Sat 21 Feb 2015
Comments Off on Lessons in Yemeni Machiavellianism
by Samaa Al Hamdani, Fikra Forum, February 20
[For this article in Arabic, click here.)
Last September, a rebel militia known as the Houthis successfully captured large portions of Yemen’s north and its capital, Sana. A few months later, in January 2015, President Abdu Rabu Mansour Hadi and his government resigned following clashes with the Houthis. By February 10, diplomatic missions in Sana’a had evacuated the country to protest the “illegitimate Houthi takeover.” Overnight, the Houthis became Yemen’s new rulers, but very little was known about them.
The enigmatic Houthi movement transformed from a Zaydi revivalist group in the early 1990s, to a rebel movement in the mid-1990s, to an enemy warring against the Yemeni state in the early 2000s. Following the revolution in 2011, the Houthis secured 33 seats in the National Dialogue Conference (NDC), because they had significant local influence and were considered victims of the former regime. The Houthis were granted a specialized committee in the NDC solidifying them as an influential political player. However, as soon as the dialogue concluded, the Houthis lost faith in the internationally backed political transition. Since then, the Houthis – led by Abdul-Malik al-Houthi – have employed Machiavellian tactics to gain influence in Yemen, taking advantage of the dismal performance of Hadi’s National Unity Government to seize territory and power.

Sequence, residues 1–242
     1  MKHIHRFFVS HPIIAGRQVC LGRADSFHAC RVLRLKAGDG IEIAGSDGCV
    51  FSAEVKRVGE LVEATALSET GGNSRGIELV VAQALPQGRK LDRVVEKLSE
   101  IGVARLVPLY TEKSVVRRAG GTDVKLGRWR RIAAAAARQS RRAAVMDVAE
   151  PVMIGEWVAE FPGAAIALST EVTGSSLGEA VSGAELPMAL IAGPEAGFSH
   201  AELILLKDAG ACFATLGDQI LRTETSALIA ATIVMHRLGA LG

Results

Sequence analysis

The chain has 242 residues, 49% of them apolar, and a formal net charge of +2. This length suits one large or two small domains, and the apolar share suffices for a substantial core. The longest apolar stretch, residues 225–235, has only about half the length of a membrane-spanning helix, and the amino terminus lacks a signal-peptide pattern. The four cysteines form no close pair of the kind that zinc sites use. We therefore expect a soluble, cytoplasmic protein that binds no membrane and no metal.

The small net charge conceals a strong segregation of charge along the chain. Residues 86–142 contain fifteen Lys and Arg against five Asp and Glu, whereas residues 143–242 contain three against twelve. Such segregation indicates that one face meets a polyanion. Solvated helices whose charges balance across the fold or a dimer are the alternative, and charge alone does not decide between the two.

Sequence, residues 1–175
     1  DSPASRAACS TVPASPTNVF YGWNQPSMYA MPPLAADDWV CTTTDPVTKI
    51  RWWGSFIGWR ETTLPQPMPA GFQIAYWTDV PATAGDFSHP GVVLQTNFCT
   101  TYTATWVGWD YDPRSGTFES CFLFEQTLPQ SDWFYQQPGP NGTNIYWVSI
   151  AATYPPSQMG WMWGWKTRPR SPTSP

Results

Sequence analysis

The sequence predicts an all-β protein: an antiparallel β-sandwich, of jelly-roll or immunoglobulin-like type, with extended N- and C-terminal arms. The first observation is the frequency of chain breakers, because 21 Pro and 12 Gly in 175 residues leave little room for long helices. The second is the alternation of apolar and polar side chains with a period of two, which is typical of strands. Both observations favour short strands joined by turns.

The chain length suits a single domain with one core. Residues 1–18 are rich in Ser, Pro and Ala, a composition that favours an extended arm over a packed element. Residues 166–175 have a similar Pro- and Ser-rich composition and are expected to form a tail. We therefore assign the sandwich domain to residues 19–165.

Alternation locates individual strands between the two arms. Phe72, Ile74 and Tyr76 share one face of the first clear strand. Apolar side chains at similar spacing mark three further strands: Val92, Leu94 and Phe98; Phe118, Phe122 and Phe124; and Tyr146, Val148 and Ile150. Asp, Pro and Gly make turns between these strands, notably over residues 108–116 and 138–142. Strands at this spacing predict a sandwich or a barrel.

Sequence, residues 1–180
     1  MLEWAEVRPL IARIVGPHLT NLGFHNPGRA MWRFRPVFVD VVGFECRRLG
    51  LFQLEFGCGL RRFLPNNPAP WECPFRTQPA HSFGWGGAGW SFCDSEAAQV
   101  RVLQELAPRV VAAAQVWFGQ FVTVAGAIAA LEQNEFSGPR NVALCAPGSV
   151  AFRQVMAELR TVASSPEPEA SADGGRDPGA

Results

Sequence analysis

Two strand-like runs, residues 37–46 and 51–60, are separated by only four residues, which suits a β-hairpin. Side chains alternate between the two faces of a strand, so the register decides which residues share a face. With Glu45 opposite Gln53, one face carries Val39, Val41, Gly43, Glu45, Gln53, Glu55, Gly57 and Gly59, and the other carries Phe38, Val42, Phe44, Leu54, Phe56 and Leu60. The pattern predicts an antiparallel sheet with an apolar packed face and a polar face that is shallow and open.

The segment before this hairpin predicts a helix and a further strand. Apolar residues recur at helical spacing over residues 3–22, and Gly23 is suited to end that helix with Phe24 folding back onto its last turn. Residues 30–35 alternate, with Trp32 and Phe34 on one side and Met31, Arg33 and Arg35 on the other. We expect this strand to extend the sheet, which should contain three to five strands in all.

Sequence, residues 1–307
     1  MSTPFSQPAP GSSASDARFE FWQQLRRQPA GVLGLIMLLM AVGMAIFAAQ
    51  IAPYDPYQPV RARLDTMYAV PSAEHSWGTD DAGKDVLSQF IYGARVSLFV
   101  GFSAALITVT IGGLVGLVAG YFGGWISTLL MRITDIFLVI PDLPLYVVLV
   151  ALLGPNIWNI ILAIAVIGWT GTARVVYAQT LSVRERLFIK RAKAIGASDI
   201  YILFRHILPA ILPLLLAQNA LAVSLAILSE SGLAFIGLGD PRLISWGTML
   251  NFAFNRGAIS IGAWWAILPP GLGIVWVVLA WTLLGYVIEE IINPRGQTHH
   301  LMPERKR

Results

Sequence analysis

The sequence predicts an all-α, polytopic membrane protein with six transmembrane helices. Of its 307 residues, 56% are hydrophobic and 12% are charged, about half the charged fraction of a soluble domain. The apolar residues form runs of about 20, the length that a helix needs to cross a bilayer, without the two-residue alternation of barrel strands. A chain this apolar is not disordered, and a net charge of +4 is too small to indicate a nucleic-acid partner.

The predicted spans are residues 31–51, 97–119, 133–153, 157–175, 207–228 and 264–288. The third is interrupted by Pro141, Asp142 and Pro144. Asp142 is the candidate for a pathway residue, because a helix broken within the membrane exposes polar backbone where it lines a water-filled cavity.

In September 2014 Hadi lifted fuel subsidies, which angered much of the Yemeni population and provided an opening for the Houthis. Cleverly, the Houthis sided with the people against the government; thereafter, within six days, they seized the capital. Months later, on February 11, they mobilized mass protests to overshadow any activities by the opposition. It is likely that a Houthi-led protest will take place on March 18, the anniversary of the “Friday of Dignity,” during which 56 protestors were killed in 2011. By hijacking public rallies, the Houthis aim to silence the opposition and, in this specific case, avoid criticism by the Gulf Cooperation Council and the United Nations Security Council.